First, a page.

This week, the Trump White House and Republican-led Congress plan to dust themselves off from a bruising self-defeat on a GOP health-care bill and begin work on reforming the tax code, something that hasn't been done in some 30 years. The failure of the health-care plan will likely curb the ambition of the tax overhaul, for both political reasons and because of their decision to use the filibuster-proof Senate budget reconciliation process. "They have to have a victory here," Stephen Moore, a Heritage Foundation economist and Trump adviser, tells The New York Times. "But it is going to have to be a bit less ambitious rather than going for the big bang."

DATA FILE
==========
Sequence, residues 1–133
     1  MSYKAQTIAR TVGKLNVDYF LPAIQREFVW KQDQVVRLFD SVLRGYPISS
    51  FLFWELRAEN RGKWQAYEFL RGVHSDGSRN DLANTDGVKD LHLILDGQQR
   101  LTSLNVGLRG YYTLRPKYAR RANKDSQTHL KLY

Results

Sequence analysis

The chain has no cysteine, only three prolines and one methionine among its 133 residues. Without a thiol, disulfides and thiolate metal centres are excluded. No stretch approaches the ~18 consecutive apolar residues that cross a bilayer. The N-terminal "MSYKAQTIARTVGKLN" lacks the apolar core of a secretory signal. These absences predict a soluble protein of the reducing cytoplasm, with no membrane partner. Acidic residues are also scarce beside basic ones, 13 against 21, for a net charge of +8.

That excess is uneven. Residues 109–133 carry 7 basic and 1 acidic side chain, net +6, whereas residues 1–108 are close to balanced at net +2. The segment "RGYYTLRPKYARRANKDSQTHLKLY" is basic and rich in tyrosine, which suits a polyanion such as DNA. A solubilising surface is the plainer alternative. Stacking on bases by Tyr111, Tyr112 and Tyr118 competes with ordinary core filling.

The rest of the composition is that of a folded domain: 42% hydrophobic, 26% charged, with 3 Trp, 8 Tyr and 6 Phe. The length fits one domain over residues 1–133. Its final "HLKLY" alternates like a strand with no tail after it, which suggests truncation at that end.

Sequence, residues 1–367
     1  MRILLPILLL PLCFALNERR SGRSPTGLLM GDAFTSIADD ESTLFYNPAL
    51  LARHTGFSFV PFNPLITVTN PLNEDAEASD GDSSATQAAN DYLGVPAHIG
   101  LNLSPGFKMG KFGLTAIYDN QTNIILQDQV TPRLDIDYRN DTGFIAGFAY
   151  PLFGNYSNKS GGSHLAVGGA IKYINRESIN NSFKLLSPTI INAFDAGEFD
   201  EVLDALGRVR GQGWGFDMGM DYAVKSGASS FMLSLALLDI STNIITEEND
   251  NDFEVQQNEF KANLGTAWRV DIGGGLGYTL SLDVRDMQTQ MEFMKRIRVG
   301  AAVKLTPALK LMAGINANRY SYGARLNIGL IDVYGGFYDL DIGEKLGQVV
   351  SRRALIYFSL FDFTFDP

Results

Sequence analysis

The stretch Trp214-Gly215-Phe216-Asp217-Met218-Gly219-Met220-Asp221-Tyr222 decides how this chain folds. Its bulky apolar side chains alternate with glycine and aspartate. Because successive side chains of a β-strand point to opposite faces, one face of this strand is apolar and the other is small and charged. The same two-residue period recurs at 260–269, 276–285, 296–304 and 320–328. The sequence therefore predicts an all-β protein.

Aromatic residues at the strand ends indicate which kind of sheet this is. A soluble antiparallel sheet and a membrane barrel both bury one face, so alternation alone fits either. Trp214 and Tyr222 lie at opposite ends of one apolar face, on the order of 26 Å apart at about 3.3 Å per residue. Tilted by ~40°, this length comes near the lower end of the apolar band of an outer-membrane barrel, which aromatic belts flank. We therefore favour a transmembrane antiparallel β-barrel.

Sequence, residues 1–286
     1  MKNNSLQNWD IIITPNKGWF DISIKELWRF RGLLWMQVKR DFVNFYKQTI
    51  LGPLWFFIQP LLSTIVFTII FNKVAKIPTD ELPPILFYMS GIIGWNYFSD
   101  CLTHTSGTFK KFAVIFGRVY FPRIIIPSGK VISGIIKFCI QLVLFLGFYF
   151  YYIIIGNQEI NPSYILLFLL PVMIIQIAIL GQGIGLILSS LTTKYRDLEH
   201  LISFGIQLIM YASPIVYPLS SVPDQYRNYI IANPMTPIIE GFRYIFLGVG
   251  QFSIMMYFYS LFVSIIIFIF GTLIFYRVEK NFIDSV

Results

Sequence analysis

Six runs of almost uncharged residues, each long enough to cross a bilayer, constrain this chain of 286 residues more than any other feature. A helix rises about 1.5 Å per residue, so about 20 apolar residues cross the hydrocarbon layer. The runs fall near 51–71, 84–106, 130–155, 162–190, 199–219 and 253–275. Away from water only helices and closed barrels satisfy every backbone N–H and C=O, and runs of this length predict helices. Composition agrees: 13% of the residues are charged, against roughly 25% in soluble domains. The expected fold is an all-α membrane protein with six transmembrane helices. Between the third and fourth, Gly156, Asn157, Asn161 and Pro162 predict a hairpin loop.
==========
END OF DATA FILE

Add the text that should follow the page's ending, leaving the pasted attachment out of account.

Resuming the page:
House Speaker Paul Ryan (R-Wis.) and his lieutenants have been working on a tax plan since at least last summer, but it's not clear that, after the health-care debacle, the White House will follow Ryan's lead this time. One positive sign for Ryan is that the deficit hawks on the House Freedom Caucus, which helped sink the health-care bill, have expressed flexibility in accepting tax cuts that are not offset by spending cuts or some rise in revenue.
Before they embark on tax reform, however, Republicans have to pass a new spending bill, or risk a government shutdown. The big political fight is expected to be over the insistence by House conservatives to include defunding Planned Parenthood in the spending bill, a nonstarter in the Senate. The current government spending resolution expires April 28.